Phenomenal concepts, color experience, and Mary's puzzle
David Bourget (Western Ontario)
David Chalmers (ANU, NYU)
Rafael De Clercq
Ezio Di Nucci
Jonathan Jenkins Ichikawa
Jack Alan Reynolds
Learn more about PhilPapers
Teorema: International Journal of Philosophy (3):113-133 (2011)
The aim of this paper is to analyze the relationship between phenomenal experience and our folk conceptualization of it. I will focus on the phenomenal concept strategy as an answer to Mary's puzzle. In the first part I present Mary's argument and the phenomenal concept strategy. In the second part I explain the requirements phenomenal concepts should satisfy in order to solve Mary's puzzle. In the third part I present various accounts of what a phenomenal concept is, and I show the difficulties each of them have. Finally, I develop my own account of phenomenal concepts. My thesis claims that phenomenal concepts are complex concepts whose possession conditions depend upon the mastery of many other concepts, in fact, quite complex concepts such as the distinction between appearance and reality (which belongs to our theory of mind system), and color concepts (at least in the case of the phenomenal concepts needed in order to account for Mary's case). And these later concepts are concepts that have special possession conditions: they include the deployment of nonconceptual recognitional capacities.
|Keywords||knowledge argument phenomenal concepts theory of mind colors|
|Categories||categorize this paper)|
Setup an account with your affiliations in order to access resources via your University's proxy server
Configure custom proxy (use this if your affiliation does not provide a proxy)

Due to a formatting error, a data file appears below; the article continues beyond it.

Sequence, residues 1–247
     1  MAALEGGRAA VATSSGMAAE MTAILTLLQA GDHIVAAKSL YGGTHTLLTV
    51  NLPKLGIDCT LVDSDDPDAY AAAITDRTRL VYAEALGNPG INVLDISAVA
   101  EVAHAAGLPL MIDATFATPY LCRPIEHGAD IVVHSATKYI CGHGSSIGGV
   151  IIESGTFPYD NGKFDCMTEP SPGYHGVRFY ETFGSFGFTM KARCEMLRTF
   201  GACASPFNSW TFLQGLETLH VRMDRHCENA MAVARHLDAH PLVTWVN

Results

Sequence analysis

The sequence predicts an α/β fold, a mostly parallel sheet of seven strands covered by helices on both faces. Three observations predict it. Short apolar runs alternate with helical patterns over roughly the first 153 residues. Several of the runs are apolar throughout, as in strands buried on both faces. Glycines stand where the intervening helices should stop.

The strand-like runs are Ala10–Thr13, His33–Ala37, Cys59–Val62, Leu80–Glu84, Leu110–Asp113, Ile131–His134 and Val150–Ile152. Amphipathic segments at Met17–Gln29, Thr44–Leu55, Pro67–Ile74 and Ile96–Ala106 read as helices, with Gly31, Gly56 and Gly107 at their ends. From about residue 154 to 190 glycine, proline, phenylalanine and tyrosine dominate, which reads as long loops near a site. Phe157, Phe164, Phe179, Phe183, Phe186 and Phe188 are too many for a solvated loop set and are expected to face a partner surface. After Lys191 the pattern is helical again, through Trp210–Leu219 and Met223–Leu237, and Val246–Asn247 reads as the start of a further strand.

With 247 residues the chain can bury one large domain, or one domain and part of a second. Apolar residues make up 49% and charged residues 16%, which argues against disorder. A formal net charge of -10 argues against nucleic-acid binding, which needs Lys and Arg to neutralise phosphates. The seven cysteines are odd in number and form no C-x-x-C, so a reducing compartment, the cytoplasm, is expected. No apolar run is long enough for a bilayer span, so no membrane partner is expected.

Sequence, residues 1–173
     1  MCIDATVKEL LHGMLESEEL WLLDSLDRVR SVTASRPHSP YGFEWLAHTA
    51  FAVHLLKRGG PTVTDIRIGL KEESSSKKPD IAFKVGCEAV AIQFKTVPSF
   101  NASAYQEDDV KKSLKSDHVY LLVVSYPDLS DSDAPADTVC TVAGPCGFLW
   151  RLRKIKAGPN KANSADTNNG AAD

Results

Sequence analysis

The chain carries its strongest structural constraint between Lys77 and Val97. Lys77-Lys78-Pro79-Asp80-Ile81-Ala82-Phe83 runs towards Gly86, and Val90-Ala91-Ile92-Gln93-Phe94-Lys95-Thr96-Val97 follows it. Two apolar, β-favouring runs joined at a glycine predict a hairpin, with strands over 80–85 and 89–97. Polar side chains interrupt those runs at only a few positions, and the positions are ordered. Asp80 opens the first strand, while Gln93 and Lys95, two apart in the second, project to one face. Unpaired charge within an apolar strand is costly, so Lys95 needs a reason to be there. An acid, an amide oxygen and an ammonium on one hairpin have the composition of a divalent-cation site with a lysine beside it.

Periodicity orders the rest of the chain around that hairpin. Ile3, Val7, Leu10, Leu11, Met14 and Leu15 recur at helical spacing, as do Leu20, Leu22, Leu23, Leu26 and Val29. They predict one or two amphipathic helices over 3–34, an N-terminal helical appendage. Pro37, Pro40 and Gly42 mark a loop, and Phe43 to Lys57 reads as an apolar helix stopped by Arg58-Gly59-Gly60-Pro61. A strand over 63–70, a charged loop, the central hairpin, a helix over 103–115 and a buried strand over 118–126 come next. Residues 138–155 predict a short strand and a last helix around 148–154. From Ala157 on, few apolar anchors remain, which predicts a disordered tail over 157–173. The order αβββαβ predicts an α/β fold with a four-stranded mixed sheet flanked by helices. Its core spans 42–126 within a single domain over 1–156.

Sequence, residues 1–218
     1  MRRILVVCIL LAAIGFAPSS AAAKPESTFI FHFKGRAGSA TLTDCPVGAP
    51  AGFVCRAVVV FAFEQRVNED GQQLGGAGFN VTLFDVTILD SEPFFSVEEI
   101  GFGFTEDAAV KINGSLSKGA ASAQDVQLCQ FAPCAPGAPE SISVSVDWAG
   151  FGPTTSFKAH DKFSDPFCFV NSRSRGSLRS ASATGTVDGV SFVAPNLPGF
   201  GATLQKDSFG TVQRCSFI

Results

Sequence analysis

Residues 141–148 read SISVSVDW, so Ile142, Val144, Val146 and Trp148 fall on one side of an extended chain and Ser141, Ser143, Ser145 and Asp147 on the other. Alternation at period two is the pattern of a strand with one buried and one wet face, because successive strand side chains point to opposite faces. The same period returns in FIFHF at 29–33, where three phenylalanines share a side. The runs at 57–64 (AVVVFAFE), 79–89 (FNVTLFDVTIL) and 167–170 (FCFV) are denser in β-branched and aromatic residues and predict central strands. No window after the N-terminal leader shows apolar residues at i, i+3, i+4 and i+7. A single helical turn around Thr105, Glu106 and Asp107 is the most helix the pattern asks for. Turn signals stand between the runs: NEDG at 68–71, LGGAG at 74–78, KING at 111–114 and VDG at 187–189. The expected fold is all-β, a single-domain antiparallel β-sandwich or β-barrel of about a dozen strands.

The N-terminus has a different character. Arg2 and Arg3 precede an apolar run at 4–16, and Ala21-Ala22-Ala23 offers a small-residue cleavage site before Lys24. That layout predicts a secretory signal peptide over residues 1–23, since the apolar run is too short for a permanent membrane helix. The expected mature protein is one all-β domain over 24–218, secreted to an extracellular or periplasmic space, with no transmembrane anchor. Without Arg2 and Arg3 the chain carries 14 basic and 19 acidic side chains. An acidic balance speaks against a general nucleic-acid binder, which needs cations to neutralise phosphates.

|Through your library|
References found in this work BETA
No references found.
Citations of this work BETA
No citations found.
Similar books and articles
Derek Ball (2009). There Are No Phenomenal Concepts. Mind 118 (472):935-962.
Katalin Balog (2008). Review of Torin Alter, Sven Walter , Phenomenal Concepts and Phenomenal Knowledge: New Essays on Consciousness and Physicalism. [REVIEW] Notre Dame Philosophical Reviews 2008 (5).
Torin Alter & Sven Walter (eds.) (2006). Phenomenal Concepts and Phenomenal Knowledge: New Essays on Consciousness and Physicalism. Oxford University Press.
David Papineau (2006). Phenomenal and Perceptual Concepts. In Torin Alter & Sven Walter (eds.), Phenomenal Concepts and Phenomenal Knowledge: New Essays on Consciousness and Physicalism. Oxford University Press 111--144.
Bénédicte Veillet (2012). In Defense of Phenomenal Concepts. Philosophical Papers 41 (1):97-127.
David Papineau (2011). Phenomenal Concepts and the Private Language Argument. American Philosophical Quarterly 48 (2):175.
Martina Fürst (2011). What Mary's Aboutness Is About. Acta Analytica 26 (1):63-74.
Emmett L. Holman (2013). Phenomenal Concepts as Bare Recognitional Concepts: Harder to Debunk Than You Thought, …but Still Possible. Philosophical Studies 164 (3):807-827.
Robert Schroer (2010). Where's the Beef? Phenomenal Concepts as Both Demonstrative and Substantial. Australasian Journal of Philosophy 88 (3):505-522.
Isabelle Peschard & Michel Bitbol (2008). Heat, Temperature and Phenomenal Concepts. In Edmond Wright (ed.), The Case for Qualia. MIT Press 155.
Martina Fürst (2004). Qualia and Phenomenal Concepts as Basis of the Knowledge Argument. Acta Analytica 19 (32):143-152.
Nicholas Shea (2012). Using Phenomenal Concepts to Explain Away the Intuition of Contingency. Philosophical Psychology 27 (4):553-570.
Added to index2011-12-01
Total downloads24 ( #196,995 of 1,940,955 )
Recent downloads (6 months)1 ( #457,798 of 1,940,955 )
How can I increase my downloads?